Thursday, November 5

Guest of Honour

Exclusive streaming premiere

A father and daughter attempt to unravel their complicated histories and intertwined secrets in the latest film from acclaimed director Atom Egoyan, which weaves through time in a riveting, psychologically intricate exploration of perception and penance, memory and forgiveness. Jim (David Thewlis) is a meticulous food inspector who wields great power over small, family-owned restaurants—a power he doesn’t hesitate to use. His daughter, Veronica (Laysla De Oliveira), is a high-school music teacher who has been wrongfully imprisoned for sexually abusing a student—a crime she didn’t commit but which she nevertheless wishes to be punished for. Years later, while preparing her father’s funeral, Veronica confides the secrets of her past to Father Greg (Luke Wilson), who may hold the final piece of this most curious family puzzle.

Friday, November 6

Double Feature: The Wicked and the Weird

Mad Love and The Devil-Doll

Deranged scientists, bizarre experiments, and macabre menace haunt these two offbeat cult classics of 1930s B-movie horror. First, master cinematographer Karl Freund directs a bald-pated Peter Lorre in the actor’s Hollywood debut, an outré adaptation of the classic horror novel The Hands of Orlac dripping with twisted psychosexual perversity and shadow-laden expressionist atmosphere. Things get even stranger with ghoulmeister Tod Browning’s demented tale of mad science and miniaturization The Devil-Doll, starring a drag-donning Lionel Barrymore as an escaped convict who hits upon a fiendish, incredible shrinking scheme to get revenge on those who wronged him.

Saturday, November 7

Saturday Matinee: The Canterville Ghost

Director Jules Dassin scares up plenty of mirth in this wittily imaginative fantasy comedy based on a short story by Oscar Wilde. Three hundred years ago, an act of cowardice by Sir Simon (Charles Laughton) brought shame to the Canterville name and doomed his ghost to haunt the family castle. The only thing that will free his spirit: a daring deed by a descendant. When World War II GI and Canterville kinsman Cuffy Williams (Robert Young) is billeted at the castle, now owned by six-year-old Lady Jessica (Margaret O’Brien), it seems that Sir Simon’s chance to break the spell has finally come—or will Cuffy prove as lily-livered as his ancestors? Vintage special effects and fanciful costumes and sets make this supernatural charmer an evergreen family favorite.

Sunday, November 8

Written by Harold Pinter

Featuring Harold Pinter: Art, Truth & Politics, Pinter’s 2005 Nobel Lecture

One of the most influential playwrights of the twentieth century brings his celebrated Pinter pauses and anxious ambiguity to the screen in these masterful dramas that quiver with quotidian menace. Having conquered the British stage with landmark works like The Birthday Party and The Caretaker, Harold Pinter embarked on a long and successful screenwriting career that included three brilliantly unsettling collaborations with director Joseph Losey (The Servant, Accident, The Go-Between) and several acclaimed adaptations of novels by writers like Penelope Mortimer (The Pumpkin Eater), John Fowles (The French Lieutenant’s Woman), Margaret Atwood (The Handmaid’s Tale), and Ian McEwan (The Comfort of Strangers). Rife with Pinter’s signature themes of power and control, these films are an indispensable part of the monumental legacy of an artist who exposed the tensions lurking beneath the surface of everyday life.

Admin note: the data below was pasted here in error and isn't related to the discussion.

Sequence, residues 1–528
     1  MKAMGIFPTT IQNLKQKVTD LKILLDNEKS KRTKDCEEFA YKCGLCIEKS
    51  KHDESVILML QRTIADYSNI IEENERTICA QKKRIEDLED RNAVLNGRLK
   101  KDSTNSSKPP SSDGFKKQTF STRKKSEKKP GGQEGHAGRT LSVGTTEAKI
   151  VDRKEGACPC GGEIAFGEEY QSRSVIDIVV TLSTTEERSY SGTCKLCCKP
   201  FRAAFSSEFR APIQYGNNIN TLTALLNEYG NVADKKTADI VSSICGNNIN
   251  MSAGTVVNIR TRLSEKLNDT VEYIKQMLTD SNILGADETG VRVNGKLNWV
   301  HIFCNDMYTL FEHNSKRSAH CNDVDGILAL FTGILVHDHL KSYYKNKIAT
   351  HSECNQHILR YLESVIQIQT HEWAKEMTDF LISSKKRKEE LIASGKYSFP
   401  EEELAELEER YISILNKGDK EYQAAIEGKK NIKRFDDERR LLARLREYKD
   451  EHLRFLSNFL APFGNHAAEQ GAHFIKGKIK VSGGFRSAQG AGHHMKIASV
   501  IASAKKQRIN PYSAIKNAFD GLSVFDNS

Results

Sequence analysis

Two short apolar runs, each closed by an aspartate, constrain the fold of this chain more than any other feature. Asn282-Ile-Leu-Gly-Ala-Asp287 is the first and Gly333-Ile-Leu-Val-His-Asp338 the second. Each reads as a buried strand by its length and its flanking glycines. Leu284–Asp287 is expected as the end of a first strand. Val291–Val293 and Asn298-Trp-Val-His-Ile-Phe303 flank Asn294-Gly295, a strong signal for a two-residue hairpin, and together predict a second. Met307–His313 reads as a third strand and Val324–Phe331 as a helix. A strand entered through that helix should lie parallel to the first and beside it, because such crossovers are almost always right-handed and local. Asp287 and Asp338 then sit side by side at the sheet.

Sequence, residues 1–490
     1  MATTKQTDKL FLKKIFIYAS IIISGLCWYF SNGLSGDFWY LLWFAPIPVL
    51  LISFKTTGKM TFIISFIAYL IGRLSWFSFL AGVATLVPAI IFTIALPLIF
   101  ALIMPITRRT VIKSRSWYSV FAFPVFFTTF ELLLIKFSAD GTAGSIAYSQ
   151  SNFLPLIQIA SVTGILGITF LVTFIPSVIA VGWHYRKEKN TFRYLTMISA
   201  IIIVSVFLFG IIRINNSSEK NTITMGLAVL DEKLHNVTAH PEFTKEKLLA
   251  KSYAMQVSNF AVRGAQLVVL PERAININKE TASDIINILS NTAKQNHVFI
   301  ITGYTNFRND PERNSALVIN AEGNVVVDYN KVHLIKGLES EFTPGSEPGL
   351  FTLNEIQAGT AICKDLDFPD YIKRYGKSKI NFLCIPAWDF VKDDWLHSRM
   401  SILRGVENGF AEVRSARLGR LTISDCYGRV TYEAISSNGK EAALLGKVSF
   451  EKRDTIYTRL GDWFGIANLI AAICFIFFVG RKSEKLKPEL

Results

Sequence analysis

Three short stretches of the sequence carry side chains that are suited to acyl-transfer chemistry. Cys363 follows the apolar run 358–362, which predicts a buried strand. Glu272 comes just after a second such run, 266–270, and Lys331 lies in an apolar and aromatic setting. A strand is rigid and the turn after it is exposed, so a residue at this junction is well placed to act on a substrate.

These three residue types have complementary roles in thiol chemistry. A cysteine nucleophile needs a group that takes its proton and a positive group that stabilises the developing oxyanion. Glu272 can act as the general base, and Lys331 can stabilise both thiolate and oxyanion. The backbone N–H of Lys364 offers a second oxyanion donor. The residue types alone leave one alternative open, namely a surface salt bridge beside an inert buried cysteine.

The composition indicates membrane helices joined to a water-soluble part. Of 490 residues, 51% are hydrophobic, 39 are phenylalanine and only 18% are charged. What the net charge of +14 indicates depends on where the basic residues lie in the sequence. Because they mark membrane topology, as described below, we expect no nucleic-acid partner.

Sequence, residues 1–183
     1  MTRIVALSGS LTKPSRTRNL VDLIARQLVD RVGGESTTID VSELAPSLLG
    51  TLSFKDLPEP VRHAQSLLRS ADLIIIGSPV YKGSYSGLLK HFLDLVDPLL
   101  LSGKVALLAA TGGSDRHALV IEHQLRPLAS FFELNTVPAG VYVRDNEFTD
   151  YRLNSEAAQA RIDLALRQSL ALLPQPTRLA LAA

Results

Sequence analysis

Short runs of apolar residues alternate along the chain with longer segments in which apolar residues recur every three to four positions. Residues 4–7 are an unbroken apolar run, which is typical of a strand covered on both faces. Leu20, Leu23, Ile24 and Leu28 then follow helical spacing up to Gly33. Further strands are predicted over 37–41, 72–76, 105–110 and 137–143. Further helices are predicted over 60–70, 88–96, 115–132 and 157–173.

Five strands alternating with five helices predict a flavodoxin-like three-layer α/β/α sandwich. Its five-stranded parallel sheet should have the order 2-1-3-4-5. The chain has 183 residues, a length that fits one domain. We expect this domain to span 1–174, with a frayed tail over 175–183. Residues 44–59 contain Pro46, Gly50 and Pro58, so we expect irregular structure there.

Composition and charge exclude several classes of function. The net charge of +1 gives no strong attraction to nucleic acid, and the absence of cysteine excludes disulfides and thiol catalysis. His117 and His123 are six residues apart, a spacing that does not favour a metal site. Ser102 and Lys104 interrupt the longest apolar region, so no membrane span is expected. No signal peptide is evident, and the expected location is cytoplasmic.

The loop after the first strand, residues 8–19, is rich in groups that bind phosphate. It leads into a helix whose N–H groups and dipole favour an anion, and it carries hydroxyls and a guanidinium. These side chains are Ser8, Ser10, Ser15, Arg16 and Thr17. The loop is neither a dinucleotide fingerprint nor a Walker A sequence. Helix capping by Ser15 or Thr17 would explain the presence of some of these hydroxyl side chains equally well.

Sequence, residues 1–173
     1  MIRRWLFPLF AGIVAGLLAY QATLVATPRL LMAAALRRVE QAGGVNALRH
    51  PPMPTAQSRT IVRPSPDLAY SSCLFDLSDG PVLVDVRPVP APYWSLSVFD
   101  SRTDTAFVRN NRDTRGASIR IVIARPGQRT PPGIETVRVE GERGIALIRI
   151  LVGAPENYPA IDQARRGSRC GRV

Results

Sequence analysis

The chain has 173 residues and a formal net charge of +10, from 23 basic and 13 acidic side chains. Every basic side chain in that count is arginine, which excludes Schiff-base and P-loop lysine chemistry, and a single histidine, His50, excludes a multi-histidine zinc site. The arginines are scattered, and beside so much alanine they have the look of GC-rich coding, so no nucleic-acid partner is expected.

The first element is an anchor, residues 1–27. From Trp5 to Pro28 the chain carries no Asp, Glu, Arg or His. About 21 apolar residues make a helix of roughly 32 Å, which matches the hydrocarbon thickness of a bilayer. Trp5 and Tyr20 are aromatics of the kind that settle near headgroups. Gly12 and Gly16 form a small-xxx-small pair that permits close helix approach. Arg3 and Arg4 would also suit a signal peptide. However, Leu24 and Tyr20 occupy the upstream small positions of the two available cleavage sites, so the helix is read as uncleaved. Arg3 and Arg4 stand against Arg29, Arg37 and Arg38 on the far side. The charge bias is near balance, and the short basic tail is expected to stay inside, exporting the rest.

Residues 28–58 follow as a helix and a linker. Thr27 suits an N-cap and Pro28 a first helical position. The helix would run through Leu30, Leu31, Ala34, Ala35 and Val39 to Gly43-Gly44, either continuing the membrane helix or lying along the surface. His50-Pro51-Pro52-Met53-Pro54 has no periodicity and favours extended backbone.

• The Servant, Joseph Losey, 1963
  • The Pumpkin Eater, Jack Clayton, 1964
  • Accident, Joseph Losey, 1967
  • The Go-Between, Joseph Losey, 1971
  • The Homecoming, Peter Hall, 1973
  • Butley, Harold Pinter, 1974
  • The French Lieutenant’s Woman, Karel Reisz, 1981
  • The Comfort of Strangers, Paul Schrader, 1990
  • The Handmaid’s Tale, Volker Schlöndorff, 1990

Monday, November 9

Dark Days

For years, a homeless community took root in a train tunnel beneath New York City, braving dangerous conditions and perpetual night. Marc Singer’s acclaimed documentary explores this surprisingly domestic subterranean world, unearthing a way of life unimaginable to those above. Through stories simultaneously heartbreaking, hilarious, intimate, and off-the-cuff, tunnel dwellers reveal their reasons for taking refuge underground and their struggles to survive there. Filmed in striking black and white with a crew comprised of the tunnel’s inhabitants, and scored by legendary turntablist DJ Shadow, Dark Days is a haunting and soulful record of invisible lives.

Tuesday, November 10

Short + Feature: Lovers in Arms

Flores and Beau travail

Two visions of love and longing among military men unfold amid lush, senses-stunning landscapes in these ravishing cinematic hallucinations. An island overrun by hydrangeas whose rich purple color seems to drip from each frame is the dreamily apocalyptic setting for a romance between two soldiers in Jorge Jácome’s lavender-drenched alternate-reality “documentary” Flores. A similarly intoxicating study of desire and masculinity plays out in Claire Denis’s Beau travail, a mesmerizing take on Herman Melville’s Billy Budd in which the sunbaked landscapes of coastal Djibouti heighten the simmering erotic tension.

Tuesday, November 10

Make Way for Tomorrow: Criterion Collection Edition #505